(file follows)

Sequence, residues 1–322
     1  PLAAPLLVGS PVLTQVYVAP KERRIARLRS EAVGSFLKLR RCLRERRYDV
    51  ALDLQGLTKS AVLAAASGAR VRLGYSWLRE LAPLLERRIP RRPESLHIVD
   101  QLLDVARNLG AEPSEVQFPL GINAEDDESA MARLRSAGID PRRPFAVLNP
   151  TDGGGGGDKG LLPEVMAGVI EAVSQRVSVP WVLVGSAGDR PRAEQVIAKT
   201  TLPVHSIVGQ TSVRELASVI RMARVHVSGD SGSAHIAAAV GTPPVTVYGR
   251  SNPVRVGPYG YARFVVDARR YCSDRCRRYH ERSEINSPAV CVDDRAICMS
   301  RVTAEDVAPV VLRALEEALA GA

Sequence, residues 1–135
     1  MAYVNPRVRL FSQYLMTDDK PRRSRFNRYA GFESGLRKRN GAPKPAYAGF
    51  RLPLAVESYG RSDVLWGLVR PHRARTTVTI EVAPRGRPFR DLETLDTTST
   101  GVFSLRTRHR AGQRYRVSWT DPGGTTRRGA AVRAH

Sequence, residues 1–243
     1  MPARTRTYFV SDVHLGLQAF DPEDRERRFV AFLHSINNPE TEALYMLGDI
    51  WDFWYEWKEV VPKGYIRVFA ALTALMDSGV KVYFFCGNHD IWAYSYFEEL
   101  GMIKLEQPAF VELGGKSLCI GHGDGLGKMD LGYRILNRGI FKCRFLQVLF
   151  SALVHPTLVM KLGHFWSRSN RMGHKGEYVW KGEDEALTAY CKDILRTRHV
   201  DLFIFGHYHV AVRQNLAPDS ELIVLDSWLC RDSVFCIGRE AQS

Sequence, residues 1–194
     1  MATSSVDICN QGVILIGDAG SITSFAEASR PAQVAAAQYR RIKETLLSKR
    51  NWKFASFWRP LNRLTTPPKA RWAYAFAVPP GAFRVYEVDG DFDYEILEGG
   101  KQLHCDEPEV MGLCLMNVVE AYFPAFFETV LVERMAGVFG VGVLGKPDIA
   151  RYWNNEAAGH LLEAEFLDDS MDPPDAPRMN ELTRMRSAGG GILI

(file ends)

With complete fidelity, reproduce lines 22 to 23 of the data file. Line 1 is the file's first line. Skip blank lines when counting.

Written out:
   101  KQLHCDEPEV MGLCLMNVVE AYFPAFFETV LVERMAGVFG VGVLGKPDIA
   151  RYWNNEAAGH LLEAEFLDDS MDPPDAPRMN ELTRMRSAGG GILI